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Using Standardized Workflow and a “No Interruption Zone” to Reduce Nursing Medication Errors



Credits: None available.

Purpose: This quality improvement project will examine the effect of a standardized workflow and a “no interruption zone” to reduce nursing medication errors in an ambulatory care clinic.
Background and significance: Medication errors are a world-wide health issue because they may have serious negative effects on patients’ lives and cost the healthcare system billions of dollars annually. It is estimated that medication-related deaths range between 40,000 and 98,000 a year in the United States (Khalil, Shahid, & Roughead, 2017). Medication administration errors also occur in ambulatory care clinics and have involved antibiotics, vaccines, chemotherapeutic agents and intravenous infusions, and sample medications. In a report from US Pharmacopeia’s MEDMARXSM program, which was based on 1,837 records from both hospitals and clinics that were submitted between August 1998 and December 2002, the administering phase (49.5%) was the point of care where vaccine-associated errors occurred the most often, followed by the documenting/transcribing phase (20.2%), the dispensing phase (14.8%), the prescribing phase (7%), and the monitoring phase (0.4%); the remaining 8.1% of the reported errors were potential errors (Kuo, 2006). The MEDMARXSM reporting program is voluntary; therefore, these data may under-represent the actual prevalence of medication errors. Ambulatory care nurses are at-risk of medication verification and administration errors, particularly related to interruptions. A variety of interventions to reduce medication errors have been proposed including prohibition of non-essential conversation, phone calls and pages, use of "do not disturb" vests and signage, use of a medication administration checklist, and use of a clearly demarcated "no interruption zone" or physical barrier in medication preparation areas (Prakash, et al., 2014).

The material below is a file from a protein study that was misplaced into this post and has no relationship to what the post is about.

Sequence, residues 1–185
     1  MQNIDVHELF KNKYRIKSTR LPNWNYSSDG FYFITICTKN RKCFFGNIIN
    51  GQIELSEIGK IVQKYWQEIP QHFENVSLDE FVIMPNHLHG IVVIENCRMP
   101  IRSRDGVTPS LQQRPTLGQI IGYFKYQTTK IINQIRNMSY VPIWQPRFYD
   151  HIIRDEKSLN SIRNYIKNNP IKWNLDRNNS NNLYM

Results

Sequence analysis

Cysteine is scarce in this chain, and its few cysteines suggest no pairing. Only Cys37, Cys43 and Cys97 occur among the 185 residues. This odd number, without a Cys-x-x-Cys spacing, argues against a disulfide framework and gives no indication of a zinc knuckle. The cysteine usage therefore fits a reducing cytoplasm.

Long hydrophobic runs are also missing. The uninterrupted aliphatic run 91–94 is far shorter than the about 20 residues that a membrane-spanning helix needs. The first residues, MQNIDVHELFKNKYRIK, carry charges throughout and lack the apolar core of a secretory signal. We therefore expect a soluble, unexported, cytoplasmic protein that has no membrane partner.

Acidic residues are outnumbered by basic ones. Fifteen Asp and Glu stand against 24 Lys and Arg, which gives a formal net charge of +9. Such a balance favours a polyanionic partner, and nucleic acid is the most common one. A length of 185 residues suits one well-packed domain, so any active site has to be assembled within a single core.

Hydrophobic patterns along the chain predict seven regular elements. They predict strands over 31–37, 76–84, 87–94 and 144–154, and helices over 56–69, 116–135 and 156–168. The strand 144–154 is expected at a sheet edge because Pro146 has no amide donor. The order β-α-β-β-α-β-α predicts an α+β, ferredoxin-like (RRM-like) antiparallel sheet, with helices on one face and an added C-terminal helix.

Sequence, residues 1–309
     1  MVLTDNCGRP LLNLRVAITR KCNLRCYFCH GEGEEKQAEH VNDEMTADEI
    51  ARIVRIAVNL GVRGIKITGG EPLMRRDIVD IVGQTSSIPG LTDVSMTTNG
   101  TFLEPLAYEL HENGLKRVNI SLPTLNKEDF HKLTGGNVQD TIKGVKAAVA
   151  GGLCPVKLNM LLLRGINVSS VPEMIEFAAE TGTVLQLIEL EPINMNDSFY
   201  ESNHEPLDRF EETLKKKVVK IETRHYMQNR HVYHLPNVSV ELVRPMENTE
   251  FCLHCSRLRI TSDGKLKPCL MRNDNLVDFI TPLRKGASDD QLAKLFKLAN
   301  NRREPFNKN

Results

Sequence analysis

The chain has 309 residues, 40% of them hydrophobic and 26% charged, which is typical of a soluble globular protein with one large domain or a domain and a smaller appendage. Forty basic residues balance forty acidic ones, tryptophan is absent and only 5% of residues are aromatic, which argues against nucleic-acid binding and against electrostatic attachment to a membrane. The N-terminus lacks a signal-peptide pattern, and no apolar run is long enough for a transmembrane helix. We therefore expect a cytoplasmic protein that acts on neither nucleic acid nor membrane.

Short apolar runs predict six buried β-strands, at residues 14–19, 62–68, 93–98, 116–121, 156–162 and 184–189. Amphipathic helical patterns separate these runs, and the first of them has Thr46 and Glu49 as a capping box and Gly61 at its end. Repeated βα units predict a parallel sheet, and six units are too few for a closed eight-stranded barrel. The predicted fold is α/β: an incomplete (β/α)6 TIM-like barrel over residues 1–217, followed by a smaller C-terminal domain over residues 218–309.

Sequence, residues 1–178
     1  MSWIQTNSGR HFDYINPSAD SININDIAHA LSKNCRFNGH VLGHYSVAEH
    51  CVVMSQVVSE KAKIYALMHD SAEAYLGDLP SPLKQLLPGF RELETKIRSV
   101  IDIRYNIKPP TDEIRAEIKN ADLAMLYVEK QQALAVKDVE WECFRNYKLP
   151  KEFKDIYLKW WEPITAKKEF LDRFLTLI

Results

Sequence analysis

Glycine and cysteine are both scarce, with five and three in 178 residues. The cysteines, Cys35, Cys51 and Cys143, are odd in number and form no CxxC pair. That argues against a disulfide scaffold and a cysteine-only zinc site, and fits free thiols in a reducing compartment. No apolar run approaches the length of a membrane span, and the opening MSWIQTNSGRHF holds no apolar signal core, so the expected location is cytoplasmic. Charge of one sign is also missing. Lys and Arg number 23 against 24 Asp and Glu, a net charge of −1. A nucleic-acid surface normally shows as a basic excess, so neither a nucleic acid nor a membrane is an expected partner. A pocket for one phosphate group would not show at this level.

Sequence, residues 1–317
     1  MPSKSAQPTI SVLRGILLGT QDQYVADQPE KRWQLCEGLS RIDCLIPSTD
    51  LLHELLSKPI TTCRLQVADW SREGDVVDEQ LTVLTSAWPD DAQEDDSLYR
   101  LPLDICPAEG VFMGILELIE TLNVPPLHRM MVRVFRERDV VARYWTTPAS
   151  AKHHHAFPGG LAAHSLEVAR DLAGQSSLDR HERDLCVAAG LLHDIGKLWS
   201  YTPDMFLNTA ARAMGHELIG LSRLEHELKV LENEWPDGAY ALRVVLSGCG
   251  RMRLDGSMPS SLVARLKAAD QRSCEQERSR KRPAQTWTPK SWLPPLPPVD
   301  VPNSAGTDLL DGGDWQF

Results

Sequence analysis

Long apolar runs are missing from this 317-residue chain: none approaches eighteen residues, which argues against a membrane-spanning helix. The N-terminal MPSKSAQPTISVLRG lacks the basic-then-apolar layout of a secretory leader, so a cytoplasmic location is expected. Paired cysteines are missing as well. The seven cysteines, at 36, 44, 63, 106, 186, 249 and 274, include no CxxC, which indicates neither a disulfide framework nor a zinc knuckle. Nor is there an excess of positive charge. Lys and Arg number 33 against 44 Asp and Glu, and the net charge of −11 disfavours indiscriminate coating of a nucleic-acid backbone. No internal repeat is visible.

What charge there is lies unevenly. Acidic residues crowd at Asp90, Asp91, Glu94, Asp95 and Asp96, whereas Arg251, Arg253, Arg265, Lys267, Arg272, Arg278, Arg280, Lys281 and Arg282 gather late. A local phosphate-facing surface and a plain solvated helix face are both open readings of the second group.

Quality improvement interventions: A standardized workflow was developed for the internal medicine clinic (IMC), which consists of scanning every medication given. Once the order is placed the clinical staff administering the medication will pull the medication to be given. They will verify medication with EHR. Once in the room with the patient, the clinical staff will confirm patient name and date of birth with EHR and again verify the medication. The medication is then scanned and administered. If, for some reason a medication won't scan, nurses will complete a verbal 2-person verification. In addition, the area around the PYXIS was identified with signage and brightly colored tape as a “no interruption zone.” Response to non-essential conversation, phone calls, and pages is prohibited within the “no interruption zone.” We will collect data based on medication error-related incident reports June 20, 202, through November 20, 2022, related to associated with distractions/interruption at any point in the process. Results will be based on the comparison of pre-intervention and post-intervention differences over the 6-month period.
Results: Nine medication errors were reported In the IMC between October 14 - June 14, 2022. All were associated with distractions or lack of a consistent process. Post-intervention results will be determined in December 2022.

Credits

Credits: None available.